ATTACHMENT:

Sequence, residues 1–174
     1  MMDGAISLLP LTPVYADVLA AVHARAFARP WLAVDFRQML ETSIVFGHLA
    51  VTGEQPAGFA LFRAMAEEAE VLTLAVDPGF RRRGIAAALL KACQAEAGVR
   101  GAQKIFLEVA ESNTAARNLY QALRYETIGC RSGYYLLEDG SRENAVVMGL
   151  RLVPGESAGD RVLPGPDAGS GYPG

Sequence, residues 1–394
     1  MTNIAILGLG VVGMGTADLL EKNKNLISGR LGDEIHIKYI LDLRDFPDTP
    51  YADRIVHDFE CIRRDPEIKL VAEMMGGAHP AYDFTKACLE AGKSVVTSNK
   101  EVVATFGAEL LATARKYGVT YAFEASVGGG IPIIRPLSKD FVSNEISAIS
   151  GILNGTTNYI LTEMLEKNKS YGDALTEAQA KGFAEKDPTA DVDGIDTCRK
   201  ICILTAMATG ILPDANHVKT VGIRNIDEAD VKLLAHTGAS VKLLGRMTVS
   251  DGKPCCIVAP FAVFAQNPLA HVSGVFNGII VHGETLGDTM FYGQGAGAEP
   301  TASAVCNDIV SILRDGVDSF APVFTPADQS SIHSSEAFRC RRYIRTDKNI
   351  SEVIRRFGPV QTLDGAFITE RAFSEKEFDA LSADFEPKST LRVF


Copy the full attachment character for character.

Sequence, residues 1–174
     1  MMDGAISLLP LTPVYADVLA AVHARAFARP WLAVDFRQML ETSIVFGHLA
    51  VTGEQPAGFA LFRAMAEEAE VLTLAVDPGF RRRGIAAALL KACQAEAGVR
   101  GAQKIFLEVA ESNTAARNLY QALRYETIGC RSGYYLLEDG SRENAVVMGL
   151  RLVPGESAGD RVLPGPDAGS GYPG

Sequence, residues 1–394
     1  MTNIAILGLG VVGMGTADLL EKNKNLISGR LGDEIHIKYI LDLRDFPDTP
    51  YADRIVHDFE CIRRDPEIKL VAEMMGGAHP AYDFTKACLE AGKSVVTSNK
   101  EVVATFGAEL LATARKYGVT YAFEASVGGG IPIIRPLSKD FVSNEISAIS
   151  GILNGTTNYI LTEMLEKNKS YGDALTEAQA KGFAEKDPTA DVDGIDTCRK
   201  ICILTAMATG ILPDANHVKT VGIRNIDEAD VKLLAHTGAS VKLLGRMTVS
   251  DGKPCCIVAP FAVFAQNPLA HVSGVFNGII VHGETLGDTM FYGQGAGAEP
   301  TASAVCNDIV SILRDGVDSF APVFTPADQS SIHSSEAFRC RRYIRTDKNI
   351  SEVIRRFGPV QTLDGAFITE RAFSEKEFDA LSADFEPKST LRVF